Utah National Guard Deployed For Critical COVID-19 Missions
SALT LAKE CITY, Utah – The Utah National Guard has been helping health officials with several missions critical to the state’s coronavirus efforts. They’ve been activated to assess the impact of the governor’s updated emergency order, but this deployment is very different than most others.
“We are here to help out as long as we’re needed,” said First Lieutenant Ryan Quinn, assigned to Joint Task Force 97 for the COVID-19 response.
Most members of the Guard probably did not join up because they wanted to help during a pandemic but that’s what several hundred have now volunteered to do, and they’re proud of the work they are doing.
KSL TV caught up with about a dozen members of the Guard Tuesday who were helping to operate a mobile COVID-19 testing site for the state department of health.
“It’s a great opportunity,” said Colonel Tammy Manwaring, commander of the joint task force. “Our primary mission is to support our state. So, this is a unique opportunity that we’ve been allowed in standing up this task force. We feel privileged and honored to be helping our communities and helping its citizens.”
Since March, approximately 300 soldiers and airmen with Utah National Guard Joint Task Force 97 have volunteered to support the state and local health departments to slow the spread of COVID-19.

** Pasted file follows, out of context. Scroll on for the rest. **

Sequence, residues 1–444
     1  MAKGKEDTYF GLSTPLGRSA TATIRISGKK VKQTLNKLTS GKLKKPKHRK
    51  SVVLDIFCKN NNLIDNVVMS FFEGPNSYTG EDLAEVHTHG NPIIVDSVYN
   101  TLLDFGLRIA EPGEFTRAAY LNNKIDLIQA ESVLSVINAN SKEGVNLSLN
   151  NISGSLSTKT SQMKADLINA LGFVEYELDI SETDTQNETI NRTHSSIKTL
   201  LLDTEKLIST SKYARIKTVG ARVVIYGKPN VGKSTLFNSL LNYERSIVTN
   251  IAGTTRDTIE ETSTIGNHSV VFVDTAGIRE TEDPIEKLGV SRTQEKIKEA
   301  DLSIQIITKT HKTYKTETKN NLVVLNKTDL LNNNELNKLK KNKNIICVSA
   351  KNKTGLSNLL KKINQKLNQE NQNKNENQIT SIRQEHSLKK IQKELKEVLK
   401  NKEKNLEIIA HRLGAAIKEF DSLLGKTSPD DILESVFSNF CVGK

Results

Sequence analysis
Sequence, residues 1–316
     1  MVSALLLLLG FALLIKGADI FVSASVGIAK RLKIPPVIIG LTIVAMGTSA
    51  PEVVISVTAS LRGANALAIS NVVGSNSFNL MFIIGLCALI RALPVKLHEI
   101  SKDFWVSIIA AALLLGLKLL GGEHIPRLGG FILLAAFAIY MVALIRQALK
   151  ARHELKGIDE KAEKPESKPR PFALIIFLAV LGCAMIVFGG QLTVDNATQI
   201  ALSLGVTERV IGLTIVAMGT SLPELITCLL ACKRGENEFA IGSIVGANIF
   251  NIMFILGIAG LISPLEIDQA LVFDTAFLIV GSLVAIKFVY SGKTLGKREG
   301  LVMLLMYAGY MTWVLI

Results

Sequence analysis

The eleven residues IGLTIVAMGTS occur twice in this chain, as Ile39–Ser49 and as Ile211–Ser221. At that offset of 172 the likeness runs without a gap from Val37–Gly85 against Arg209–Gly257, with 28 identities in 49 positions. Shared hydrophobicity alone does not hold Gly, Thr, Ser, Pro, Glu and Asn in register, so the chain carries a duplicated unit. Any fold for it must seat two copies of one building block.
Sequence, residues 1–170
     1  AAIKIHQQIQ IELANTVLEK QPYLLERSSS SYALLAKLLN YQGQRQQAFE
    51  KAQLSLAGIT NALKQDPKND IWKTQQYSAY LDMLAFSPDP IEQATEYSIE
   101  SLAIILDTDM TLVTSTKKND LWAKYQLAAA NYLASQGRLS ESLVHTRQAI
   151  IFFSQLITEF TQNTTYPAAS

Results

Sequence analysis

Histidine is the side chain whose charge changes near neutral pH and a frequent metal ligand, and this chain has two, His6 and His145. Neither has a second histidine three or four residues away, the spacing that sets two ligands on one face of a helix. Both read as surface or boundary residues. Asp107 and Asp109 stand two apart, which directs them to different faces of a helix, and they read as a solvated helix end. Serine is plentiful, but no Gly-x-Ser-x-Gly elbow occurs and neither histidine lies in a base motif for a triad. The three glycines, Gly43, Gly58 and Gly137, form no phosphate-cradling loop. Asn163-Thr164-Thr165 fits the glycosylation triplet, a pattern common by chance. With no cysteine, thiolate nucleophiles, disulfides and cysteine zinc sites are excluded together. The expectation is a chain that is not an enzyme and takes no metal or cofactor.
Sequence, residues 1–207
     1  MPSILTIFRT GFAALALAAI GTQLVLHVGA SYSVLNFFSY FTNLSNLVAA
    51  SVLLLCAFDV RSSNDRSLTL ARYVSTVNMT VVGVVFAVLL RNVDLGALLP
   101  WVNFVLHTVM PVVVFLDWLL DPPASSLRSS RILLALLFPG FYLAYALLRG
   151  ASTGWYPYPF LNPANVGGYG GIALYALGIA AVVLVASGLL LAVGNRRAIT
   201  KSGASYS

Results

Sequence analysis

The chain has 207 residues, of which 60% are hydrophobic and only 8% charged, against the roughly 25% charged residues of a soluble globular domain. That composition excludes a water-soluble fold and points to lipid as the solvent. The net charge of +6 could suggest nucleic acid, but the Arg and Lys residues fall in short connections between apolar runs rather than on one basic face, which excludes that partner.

They’ve deployed at home to help the Utah Department of Health operate 25 mobile testing sites statewide.
“These are all volunteers,” said Manwaring. “This is considered a deployment.”
The work has become more critical as the coronavirus spreads. They were unsure of how the governor’s updated emergency order will impact their work.
“We’ve definitely gotten busier,” he said.
They have tested as many as 2,000 people a day at each site during the last week.
“(We’re) doing the best that we can to keep up with the COVID numbers,” said Manwaring.
Some Guard members said they feel fortunate to get the work because they lost civilian jobs during the pandemic, or they wanted more work.
“(It’s) an opportunity to serve their communities, but also to stay employed and really be deployed in their home state,” Manwaring said.
“It’s very rewarding,” said Quinn, who moved to the Beehive State from Colorado in 2019, and was changing civilian jobs when the opportunity arose.
“I volunteered to help out with that back in July, and have stayed on the task force and have been helping with the mobile testing team since then,” said Quinn.
He said it’s been a demanding year for the Guard, with several natural disasters that stretched their resources. He decided to step up.
“I live here in Salt Lake City. The fact that we’re able to help out our citizens and our neighbors, it’s a really unique and rewarding experience to help out and serve those close to home,” said Quinn.
The testing and contact tracing were the Guard’s biggest missions so far. Approximately 100 members were contact tracing on the phones from home, but other teams do COVID-19 assessments in long-term care facilities, and work at a warehouse managing PPE for the state.
“We are here to enhance capabilities, and fill gaps for the state,” said Colonel Manwaring.
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